Gym's a learning tonic

Sports project is boosting academic performance as well as behaviour, says glowing report on pilots

learning to cartwheel, somersault or do a simple handstand could boost pupils' academic performance and behaviour, according to Welsh experts working for the PE and School Sport initiative.

Calls for twice-weekly gym lessons to be more widely adopted in the PE curriculum follow glowing reports from schools taking part in the PESS programme.

It has also led to a pound;7 million investment by the Assembly government through the creation of 10,000 new teacher-training opportunities - with 2,200 of them in gym. Jane Davidson, minister for education, lifelong learning and skills, has also launched the Welsh Gymnastics A-Z awards as part of the drive towards gym and PESS development.

At Ogmore Vale primary in Bridgend, the launch venue, she watched "an awesome display" of gymnastic ability by pupils.

But the government's cash boost and support has nothing to do with finding the talent that has often eluded UK sport. It is simply to get widespread participation in gym activities at all ages.

PESS, launched in 2000, has been credited with having a significant impact, not just on teaching standards but on pupils' behaviour, learning skills and attitudes.

The project brings together clusters of primary and secondary schools with co-operation between PE teachers. It is hoped that the scheme will be rolled out in all schools in Wales by 2009, a year ahead of schedule.

Specially appointed co-ordinators are working in the 22 local authorities.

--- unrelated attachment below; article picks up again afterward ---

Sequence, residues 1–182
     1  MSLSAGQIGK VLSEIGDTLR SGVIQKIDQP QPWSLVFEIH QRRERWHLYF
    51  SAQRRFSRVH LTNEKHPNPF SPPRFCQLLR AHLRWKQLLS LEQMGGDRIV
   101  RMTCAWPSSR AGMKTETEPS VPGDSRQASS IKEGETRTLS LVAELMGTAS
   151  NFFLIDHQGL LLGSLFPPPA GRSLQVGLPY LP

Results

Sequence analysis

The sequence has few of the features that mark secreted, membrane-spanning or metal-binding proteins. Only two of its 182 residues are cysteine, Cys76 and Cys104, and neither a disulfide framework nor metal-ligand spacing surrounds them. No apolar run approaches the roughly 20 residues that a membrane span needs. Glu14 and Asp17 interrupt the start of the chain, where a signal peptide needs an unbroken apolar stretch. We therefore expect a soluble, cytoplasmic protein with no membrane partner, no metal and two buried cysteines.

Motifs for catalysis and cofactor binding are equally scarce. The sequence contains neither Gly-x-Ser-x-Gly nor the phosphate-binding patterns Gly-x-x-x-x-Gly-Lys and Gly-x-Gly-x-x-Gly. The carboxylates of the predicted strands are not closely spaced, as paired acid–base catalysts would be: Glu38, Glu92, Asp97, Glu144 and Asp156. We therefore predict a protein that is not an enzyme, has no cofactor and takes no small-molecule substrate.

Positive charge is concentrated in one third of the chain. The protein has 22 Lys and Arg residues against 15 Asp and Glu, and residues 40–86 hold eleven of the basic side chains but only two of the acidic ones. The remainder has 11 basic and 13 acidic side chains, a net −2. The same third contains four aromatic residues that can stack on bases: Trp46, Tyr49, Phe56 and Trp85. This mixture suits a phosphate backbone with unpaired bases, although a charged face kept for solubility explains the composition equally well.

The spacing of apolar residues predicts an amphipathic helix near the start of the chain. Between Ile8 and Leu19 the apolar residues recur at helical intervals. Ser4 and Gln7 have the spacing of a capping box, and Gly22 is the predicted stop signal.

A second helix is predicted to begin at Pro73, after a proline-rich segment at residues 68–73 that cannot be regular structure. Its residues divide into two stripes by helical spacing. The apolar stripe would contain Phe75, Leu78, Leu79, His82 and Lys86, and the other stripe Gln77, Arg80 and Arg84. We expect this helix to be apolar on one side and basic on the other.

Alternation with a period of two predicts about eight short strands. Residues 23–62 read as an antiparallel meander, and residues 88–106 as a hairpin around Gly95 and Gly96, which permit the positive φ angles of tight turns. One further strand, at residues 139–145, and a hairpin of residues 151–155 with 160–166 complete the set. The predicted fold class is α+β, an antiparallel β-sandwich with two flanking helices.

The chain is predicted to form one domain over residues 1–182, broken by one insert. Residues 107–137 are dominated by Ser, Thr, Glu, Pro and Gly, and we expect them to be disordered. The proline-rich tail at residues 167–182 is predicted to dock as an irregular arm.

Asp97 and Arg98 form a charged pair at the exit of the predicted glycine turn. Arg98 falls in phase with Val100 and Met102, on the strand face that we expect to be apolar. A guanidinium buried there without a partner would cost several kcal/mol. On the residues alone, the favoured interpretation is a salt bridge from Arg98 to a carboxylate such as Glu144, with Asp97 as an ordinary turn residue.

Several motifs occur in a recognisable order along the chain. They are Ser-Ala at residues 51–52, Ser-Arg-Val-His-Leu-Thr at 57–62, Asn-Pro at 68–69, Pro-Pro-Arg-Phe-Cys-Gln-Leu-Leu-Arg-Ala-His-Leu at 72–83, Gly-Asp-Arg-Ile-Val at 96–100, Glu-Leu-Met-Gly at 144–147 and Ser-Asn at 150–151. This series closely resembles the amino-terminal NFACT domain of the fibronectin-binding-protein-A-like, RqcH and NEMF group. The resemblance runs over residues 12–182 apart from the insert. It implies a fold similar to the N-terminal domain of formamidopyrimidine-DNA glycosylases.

Advisers work with teachers to improve the way they teach all sorts of games and physical activities, including dance.

Ms Davidson believes gym work is a valuable tool for giving children confidence in their own bodies and can help them in all walks of life, including the classroom.

A report in the TES magazine last week revealed that the Qualifications and Curriculum Authority in England is researching the effects of high-quality PE undertaken by accredited sports coaches twice a week.

But Ms Davidson believes Wales is leading the way already. "It has been lovely seeing these children performing so naturally and confidently," she said.

"They were saying that they have gym twice a week and it's their favourite activity. No one else in the UK is doing what we have done here in Wales."

But theJminister's enthusiasm about the PESS scheme comes as a report by the Sports Council for Wales claims the project is only reaching a third of schools.

In a specially prepared paper for the Assembly's culture, Welsh language and sport committee, the bodyJcalled for more resources to extend the programme.

The new awards have been developed by Welsh Gymnastics, which is the sport's governing body in Wales, along with the Sport's Council for Wales and the Assembly government.

Teachers will assess pupils, who gain more badges and awards as they progress. A spokesperson at the launch said: "Gym gives children valuable skills such as balance, co-ordination and agility."

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